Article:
Treatment for corneal ulcers depends on the cause. It usually includes steroid or anti-inflammatory eyedrops, and strong antibiotic eyedrops.  In rare cases when the cornea is severely damaged, a corneal transplant may be necessary to improve vision.

Small Corneal Ulcer:                  

Herpetic Keratitis (HSV Keratitis)

Herpetic keratitis is a viral infection of the eye caused by the herpes simplex virus, which is best known for causing cold sores. Herpes keratitis usually affects only one eye and most often occurs on the cornea, the normally clear dome that covers the front part of the eye.
The symptoms of herpes keratitis may include:

  • pain;
  • redness;
  • blurred vision;
  • tearing;
  • discharge; and
  • sensitivity to light.

If the infection is superficial, with ulcers involving only the cornea's top layer, called the epithelium, it will usually heal without scarring. However, if it involves the deeper layers of the cornea, it may lead to scarring of the cornea, loss of vision, and sometimes even blindness. Left untreated, herpes keratitis can severely damage your eye.

Herpetic Keratitis:     

Herpes keratitis is usually treated with antiviral medications, both in eyedrop and/or pill form. Depending on the progression of the infection, Dr. Haas may treat your condition with steroid eyedrops as well to reduce inflammation. Rarely, when the cornea is severely damaged, a corneal transplant may be necessary to improve vision.

Shingles (Herpes Zoster)

One's first encounter with the herpes zoster virus is usually childhood chicken pox. Later in life, the virus may reactivate, causing a characteristic rash of small blisters, frequently on the chest or forehead, which form crusts and may leave scars. This second encounter with the virus is commonly known as shingles.

Shingles (Herpes Zoster):

Unlike chicken pox, shingles is usually quite painful. Although this disease often occurs in normal, healthy people, it occurs more frequently in elderly or immune-compromised individuals.  It is important to see Dr. Haas when herpes zoster occurs on the face, because the virus can invade the eye. He looks for elevated pressure in the eye, inflammation inside the eye, and herpes zoster lesions on the surface of the eye. All of these problems can be treated, but they are sometimes difficult to manage. Careful treatment and follow up are required. Today, new oral antiviral medications are providing shingles patients with a quicker, more complete recovery.

Pterygium and Pinguecula

A pterygium is a mass of fleshy tissue that grows over the cornea. It may remain small or may grow large enough to interfere with vision. A pterygium most commonly occurs on the inner corner of the eye, but it can appear on the outer corner as well.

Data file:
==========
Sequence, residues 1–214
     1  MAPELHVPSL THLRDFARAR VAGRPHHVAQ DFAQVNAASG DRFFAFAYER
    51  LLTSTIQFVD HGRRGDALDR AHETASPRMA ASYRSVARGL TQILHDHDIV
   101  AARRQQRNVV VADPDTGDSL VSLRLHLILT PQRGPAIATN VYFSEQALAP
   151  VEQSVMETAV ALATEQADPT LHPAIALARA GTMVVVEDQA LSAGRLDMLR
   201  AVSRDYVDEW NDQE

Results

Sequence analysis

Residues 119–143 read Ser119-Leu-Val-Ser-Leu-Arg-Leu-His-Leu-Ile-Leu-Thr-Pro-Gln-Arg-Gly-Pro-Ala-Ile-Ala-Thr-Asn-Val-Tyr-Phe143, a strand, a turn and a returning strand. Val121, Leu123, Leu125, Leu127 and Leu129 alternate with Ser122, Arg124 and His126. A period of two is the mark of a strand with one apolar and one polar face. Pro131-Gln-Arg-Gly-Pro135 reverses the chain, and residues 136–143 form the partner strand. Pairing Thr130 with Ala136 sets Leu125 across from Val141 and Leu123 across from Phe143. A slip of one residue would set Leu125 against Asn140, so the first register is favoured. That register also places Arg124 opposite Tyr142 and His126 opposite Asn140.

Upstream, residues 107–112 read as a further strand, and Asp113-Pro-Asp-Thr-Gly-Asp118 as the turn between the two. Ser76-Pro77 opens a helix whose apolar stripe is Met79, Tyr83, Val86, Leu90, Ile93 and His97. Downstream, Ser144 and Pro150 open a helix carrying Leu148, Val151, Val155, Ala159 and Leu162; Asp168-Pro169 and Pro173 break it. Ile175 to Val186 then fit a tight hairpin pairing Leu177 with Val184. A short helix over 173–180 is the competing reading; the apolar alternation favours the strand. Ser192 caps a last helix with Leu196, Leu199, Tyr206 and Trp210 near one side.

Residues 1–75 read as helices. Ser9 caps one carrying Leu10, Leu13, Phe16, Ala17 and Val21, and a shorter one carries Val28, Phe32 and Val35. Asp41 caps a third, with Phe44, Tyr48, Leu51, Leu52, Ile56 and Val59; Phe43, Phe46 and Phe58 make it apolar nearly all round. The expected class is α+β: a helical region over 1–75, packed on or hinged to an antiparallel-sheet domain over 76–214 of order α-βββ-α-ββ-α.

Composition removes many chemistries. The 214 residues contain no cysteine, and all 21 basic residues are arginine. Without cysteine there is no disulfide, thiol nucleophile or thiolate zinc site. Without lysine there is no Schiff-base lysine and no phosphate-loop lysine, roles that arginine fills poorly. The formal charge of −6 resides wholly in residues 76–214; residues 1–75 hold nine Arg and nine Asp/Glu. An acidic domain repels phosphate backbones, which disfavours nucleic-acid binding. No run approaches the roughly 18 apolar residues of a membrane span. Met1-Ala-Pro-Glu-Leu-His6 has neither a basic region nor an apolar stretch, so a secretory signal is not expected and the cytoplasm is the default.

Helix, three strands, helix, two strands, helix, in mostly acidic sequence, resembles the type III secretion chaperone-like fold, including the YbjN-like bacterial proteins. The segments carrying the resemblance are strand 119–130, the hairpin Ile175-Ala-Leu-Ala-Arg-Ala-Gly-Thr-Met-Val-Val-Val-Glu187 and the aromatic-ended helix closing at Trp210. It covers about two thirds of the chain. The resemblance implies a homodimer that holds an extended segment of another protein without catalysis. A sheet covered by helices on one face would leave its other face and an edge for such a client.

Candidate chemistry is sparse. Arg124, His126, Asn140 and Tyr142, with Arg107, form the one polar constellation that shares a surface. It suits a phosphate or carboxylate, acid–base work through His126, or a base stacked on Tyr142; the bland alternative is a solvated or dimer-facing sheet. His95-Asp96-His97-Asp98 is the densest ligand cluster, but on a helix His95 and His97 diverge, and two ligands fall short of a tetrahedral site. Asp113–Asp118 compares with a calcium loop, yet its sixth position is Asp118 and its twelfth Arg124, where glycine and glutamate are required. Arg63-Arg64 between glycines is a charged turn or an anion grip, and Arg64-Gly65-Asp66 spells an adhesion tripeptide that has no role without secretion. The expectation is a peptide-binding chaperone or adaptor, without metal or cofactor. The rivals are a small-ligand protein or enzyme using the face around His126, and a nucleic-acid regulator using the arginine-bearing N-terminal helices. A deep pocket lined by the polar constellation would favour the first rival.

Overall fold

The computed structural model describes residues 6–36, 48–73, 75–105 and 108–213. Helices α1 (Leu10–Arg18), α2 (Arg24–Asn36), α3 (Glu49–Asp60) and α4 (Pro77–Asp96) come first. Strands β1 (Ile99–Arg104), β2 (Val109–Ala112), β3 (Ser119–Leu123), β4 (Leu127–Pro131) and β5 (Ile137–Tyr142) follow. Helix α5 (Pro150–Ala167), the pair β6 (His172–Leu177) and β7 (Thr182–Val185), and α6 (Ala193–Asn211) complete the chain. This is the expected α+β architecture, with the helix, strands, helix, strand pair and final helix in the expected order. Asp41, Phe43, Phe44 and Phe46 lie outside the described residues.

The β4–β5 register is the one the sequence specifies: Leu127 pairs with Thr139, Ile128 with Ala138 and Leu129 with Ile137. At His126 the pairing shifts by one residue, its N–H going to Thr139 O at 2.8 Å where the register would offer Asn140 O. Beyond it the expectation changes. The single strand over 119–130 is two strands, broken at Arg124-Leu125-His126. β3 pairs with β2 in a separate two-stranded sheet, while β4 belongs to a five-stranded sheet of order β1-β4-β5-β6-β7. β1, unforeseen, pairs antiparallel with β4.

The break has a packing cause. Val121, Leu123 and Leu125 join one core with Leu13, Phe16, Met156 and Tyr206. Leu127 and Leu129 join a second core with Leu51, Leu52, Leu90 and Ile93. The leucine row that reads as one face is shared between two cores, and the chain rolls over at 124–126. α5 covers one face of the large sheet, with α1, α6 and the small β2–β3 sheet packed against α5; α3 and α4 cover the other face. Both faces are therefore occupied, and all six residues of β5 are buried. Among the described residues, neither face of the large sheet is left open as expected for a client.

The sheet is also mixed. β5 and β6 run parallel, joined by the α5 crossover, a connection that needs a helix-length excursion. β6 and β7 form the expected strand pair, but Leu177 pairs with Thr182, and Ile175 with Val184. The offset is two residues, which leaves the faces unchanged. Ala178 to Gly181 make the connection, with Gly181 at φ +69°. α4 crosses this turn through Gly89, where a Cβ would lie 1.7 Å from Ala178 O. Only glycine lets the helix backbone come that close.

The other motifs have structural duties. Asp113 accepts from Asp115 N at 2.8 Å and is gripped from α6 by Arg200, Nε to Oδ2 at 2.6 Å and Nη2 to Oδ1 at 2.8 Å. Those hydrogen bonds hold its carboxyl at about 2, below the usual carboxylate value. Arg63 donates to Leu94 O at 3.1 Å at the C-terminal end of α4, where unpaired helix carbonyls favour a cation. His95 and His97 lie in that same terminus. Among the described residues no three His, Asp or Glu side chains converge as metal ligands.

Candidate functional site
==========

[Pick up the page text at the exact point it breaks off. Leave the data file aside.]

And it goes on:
The exact cause of pterygia is not well understood. They occur more often in people who spend a lot of time outdoors, especially in sunny and dry climates like Colorado. Long-term exposure to sunlight, especially to ultraviolet (UV) rays, and chronic eye irritation from dry, dusty conditions seem to play an important role. Dry eye also may contribute to pterygium.


When a pterygium becomes red and irritated, eyedrops and/or ointments can be used to help reduce the inflammation. If the pterygium grows rapidly or is large enough to threaten sight, it can be removed surgically.  Despite surgical removal, a pterygium may return, particularly in young people. Protecting the eyes from excessive ultraviolet light with proper sunglasses, avoiding dry, dusty conditions, and using artificial tears can help.

A pinguecula is a yellowish patch or bump on the white of the eye (seen to the right in the picture below), most often on the side closest to the nose. It is not a tumor but is an alteration of normal tissue resulting in a deposit of protein and fat. It is also a response to chronic eye irritation and sunlight, just like a pterygium.  Unlike a pterygium, a pinguecula does not actually grow onto the cornea by definition. A pinguecula becomes a pterygium if any corneal growth occurs. 


No treatment is necessary unless the pinguecula becomes inflamed. A pinguecula does not threaten sight. On rare occasions, a pinguecula can be surgically removed if it is particularly annoying.

Blepharitis (Lid Margin Disease)

Lid margin disease is a common and frequently chronic inflammation of the eyelids (blepharitis). Symptoms include irritation, itching, and, occasionally, a red eye. This condition frequently occurs in people who tend to have oily skin, dandruff, or dry eyes.  Bacteria normally reside on the skin, but in some people, they thrive in the skin at the base of the eyelashes. Nearby oil glands may be overactive, causing dandruff-like scales and particles to form along the lashes and eyelid margins, which can cause redness, stinging, or burning.

Meibomian Gland Dysfunction:    

Meibomian gland dysfunction, as seen above, can also contribute to lid margin disease.  The Meibomian glands are sebaceous glands that produce the oil layer of your tear film.  The openings to the glands are just behind the eyelashes, and abnormal oil goblets can be seen in the photo above in a person with lid margin disease.